Ẓāʾ, or ḏ̣āʾ (ظ), is one of the six letters the Arabic alphabet added to the twenty-two inherited from the Phoenician alphabet (the others being ṯāʾ, ḫāʾ, ḏāl, ḍād, ġayn). In name and shape, it is a variant of ṭāʾ. Its numerical value is 900 (see Abjad numerals).

Phonemic representationðˤ~zˤ, dˤ
Position in alphabet27
Numerical value900
Alphabetic derivatives of the Phoenician
Writing systemArabic script
Language of originArabic language
Phonetic usageðˤ~,
  • ظ
This article contains phonetic transcriptions in the International Phonetic Alphabet (IPA). For an introductory guide on IPA symbols, see Help:IPA. For the distinction between [ ], / / and ⟨ ⟩, see IPA § Brackets and transcription delimiters.

Ẓāʾ ظَاءْ does not change its shape depending on its position in the word:

Position in word: Isolated Final Medial Initial
Glyph form:
ظ ـظ ـظـ ظـ


The main pronunciations of written ⟨ظ⟩ in Arabic dialects.

In Classical Arabic, it represents a velarized voiced dental fricative [ðˠ], and in Modern Standard Arabic, it can also be a pharyngealized voiced dental [ðˤ] or alveolar [] fricative.

In most Arabic vernaculars ظ ẓāʾ and ض ḍād have been merged quite early.[1] The outcome depends on the dialect. In those varieties (such as Egyptian, Levantine and Hejazi), where the dental fricatives /θ/, /ð/ are merged with the dental stops /t/, /d/, ẓāʾ is pronounced /dˤ/ or /zˤ/ depending on the word; e.g. ظِل is pronounced /dˤilː/ but ظاهِر is pronounced /zˤaːhir/, In loanwords from Classical Arabic ẓāʾ is often /zˤ/, e.g. Egyptian ʿaẓīm (< Classical عظيم ʿaḏ̣īm) "great".[1][2][3]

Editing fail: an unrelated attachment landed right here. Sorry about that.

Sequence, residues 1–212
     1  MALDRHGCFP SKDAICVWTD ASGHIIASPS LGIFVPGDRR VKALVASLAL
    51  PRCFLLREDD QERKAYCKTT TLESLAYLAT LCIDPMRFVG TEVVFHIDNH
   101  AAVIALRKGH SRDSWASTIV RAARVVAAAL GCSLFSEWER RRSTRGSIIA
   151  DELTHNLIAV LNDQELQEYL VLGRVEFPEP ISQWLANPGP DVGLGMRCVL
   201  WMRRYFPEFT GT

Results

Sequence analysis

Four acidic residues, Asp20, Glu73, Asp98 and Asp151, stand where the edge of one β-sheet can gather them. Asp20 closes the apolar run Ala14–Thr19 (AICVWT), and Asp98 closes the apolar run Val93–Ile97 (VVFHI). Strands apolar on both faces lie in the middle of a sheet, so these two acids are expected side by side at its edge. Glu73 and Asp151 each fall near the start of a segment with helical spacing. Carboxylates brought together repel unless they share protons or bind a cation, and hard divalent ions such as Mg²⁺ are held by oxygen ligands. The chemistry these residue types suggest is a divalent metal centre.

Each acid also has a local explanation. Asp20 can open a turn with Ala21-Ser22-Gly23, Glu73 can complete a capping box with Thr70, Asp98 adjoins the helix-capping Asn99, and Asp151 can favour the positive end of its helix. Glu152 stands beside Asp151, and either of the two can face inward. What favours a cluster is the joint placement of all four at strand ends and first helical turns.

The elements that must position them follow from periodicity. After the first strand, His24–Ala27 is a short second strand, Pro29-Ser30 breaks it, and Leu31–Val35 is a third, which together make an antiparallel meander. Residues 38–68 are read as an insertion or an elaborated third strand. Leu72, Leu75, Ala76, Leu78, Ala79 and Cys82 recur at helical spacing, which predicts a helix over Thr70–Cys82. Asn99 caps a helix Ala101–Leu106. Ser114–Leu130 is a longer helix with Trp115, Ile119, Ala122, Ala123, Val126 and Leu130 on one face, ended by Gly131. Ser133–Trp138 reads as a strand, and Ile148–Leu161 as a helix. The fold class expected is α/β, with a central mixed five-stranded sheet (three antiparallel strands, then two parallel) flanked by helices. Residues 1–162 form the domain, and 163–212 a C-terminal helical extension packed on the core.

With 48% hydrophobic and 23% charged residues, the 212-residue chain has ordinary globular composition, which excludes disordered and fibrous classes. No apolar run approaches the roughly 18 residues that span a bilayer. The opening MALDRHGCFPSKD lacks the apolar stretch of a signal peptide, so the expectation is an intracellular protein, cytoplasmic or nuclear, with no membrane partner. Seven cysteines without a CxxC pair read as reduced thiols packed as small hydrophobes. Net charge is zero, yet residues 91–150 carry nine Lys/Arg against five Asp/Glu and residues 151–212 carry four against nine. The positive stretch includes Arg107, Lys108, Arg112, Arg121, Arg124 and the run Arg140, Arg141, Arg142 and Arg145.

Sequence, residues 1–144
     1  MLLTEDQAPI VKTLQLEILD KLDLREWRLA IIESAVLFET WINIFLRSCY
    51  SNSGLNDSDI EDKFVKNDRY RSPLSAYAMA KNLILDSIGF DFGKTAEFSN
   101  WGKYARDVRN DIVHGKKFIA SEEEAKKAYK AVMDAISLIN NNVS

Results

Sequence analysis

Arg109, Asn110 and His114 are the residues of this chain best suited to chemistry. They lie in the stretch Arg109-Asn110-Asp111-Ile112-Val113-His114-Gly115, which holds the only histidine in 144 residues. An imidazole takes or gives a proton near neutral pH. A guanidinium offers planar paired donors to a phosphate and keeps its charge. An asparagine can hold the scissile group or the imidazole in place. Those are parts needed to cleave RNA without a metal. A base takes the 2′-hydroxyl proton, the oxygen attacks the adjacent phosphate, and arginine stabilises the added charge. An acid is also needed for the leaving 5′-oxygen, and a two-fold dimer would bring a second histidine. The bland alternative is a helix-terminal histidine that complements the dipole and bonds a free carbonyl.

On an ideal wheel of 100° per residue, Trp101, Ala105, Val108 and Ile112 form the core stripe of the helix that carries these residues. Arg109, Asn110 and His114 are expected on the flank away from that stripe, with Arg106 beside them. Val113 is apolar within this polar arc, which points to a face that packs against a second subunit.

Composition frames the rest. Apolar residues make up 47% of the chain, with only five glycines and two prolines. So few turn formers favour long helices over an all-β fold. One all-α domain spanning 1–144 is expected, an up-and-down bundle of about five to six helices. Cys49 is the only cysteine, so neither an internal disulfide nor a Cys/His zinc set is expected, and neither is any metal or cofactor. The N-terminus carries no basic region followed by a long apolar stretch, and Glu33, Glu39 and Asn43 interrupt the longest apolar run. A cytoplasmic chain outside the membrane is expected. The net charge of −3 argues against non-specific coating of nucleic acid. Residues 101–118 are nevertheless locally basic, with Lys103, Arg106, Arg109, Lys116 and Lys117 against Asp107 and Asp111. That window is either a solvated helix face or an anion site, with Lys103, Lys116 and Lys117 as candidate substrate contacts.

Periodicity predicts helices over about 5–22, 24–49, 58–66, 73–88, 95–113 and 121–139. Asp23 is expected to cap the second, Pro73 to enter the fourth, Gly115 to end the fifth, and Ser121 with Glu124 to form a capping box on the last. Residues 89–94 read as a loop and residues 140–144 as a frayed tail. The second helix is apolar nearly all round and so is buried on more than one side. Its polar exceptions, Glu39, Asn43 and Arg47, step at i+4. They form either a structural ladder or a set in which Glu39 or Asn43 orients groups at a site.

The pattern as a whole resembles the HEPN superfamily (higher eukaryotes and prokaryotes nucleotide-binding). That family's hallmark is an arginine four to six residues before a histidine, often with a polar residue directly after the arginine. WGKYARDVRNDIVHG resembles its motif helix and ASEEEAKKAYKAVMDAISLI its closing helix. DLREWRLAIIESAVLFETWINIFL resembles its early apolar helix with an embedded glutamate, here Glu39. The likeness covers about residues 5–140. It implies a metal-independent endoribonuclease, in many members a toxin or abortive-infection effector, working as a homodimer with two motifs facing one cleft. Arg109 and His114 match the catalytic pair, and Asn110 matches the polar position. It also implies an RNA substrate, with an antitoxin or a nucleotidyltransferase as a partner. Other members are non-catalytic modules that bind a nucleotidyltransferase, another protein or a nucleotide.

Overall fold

In the varieties (such as Bedouin and Iraqi), where the dental fricatives are preserved, both ḍād and ẓāʾ are pronounced /ðˤ/.[1][2][4][5] However, there are dialects in South Arabia and in Mauritania where both the letters are kept different but not consistently.[1]

A "de-emphaticized" pronunciation of both letters in the form of the plain /z/ entered into other non-Arabic languages such as Persian, Urdu, Turkish.[1] However, there do exist Arabic borrowings into Ibero-Romance languages as well as Hausa and Malay, where ḍād and ẓāʾ are differentiated.[1]


Ẓāʾ is the rarest phoneme of the Arabic language. Out of 2,967 triliteral roots listed by Hans Wehr in his 1952 dictionary, only 42 (1.4%) contain ظ.[6]

In other Semitic languagesEdit

In some reconstructions of Proto-Semitic phonology, there is an emphatic interdental fricative, ([θˤ] or [ðˤ]), featuring as the direct ancestor of Arabic ẓāʾ, while it merged with in most other Semitic languages, although the South Arabian alphabet retained a symbol for .

Writing in the Hebrew alphabetEdit

When representing this sound in transliteration of Arabic into Hebrew, it is written as ט׳.

Character encodingsEdit

Character information
Preview ظ
Encodings decimal hex
Unicode 1592 U+0638
UTF-8 216 184 D8 B8
Numeric character reference &#1592; &#x638;

See alsoEdit


  1. ^ a b c d e f Versteegh, Kees (1999). "Loanwords from Arabic and the merger of ḍ/ḏ̣". In Arazi, Albert; Sadan, Joseph; Wasserstein, David J. (eds.). Compilation and Creation in Adab and Luġa: Studies in Memory of Naphtali Kinberg (1948–1997). pp. 273–286.
  2. ^ a b Versteegh, Kees (2000). "Treatise on the pronunciation of the ḍād". In Kinberg, Leah; Versteegh, Kees (eds.). Studies in the Linguistic Structure of Classical Arabic. Brill. pp. 197–199. ISBN 9004117652.
  3. ^ Retsö, Jan (2012). "Classical Arabic". In Weninger, Stefan (ed.). The Semitic Languages: An International Handbook. Walter de Gruyter. pp. 785–786. ISBN 978-3-11-025158-6.
  4. ^ Ferguson, Charles (1959). "The Arabic koine". Language. 35 (4): 630. doi:10.2307/410601.
  5. ^ Ferguson, Charles Albert (1997) [1959]. "The Arabic koine". In Belnap, R. Kirk; Haeri, Niloofar (eds.). Structuralist studies in Arabic linguistics: Charles A. Ferguson's papers, 1954–1994. Brill. pp. 67–68. ISBN 9004105115.
  6. ^ Wehr, Hans (1952). Arabisches Wörterbuch für die Schriftsprache der Gegenwart.[page needed]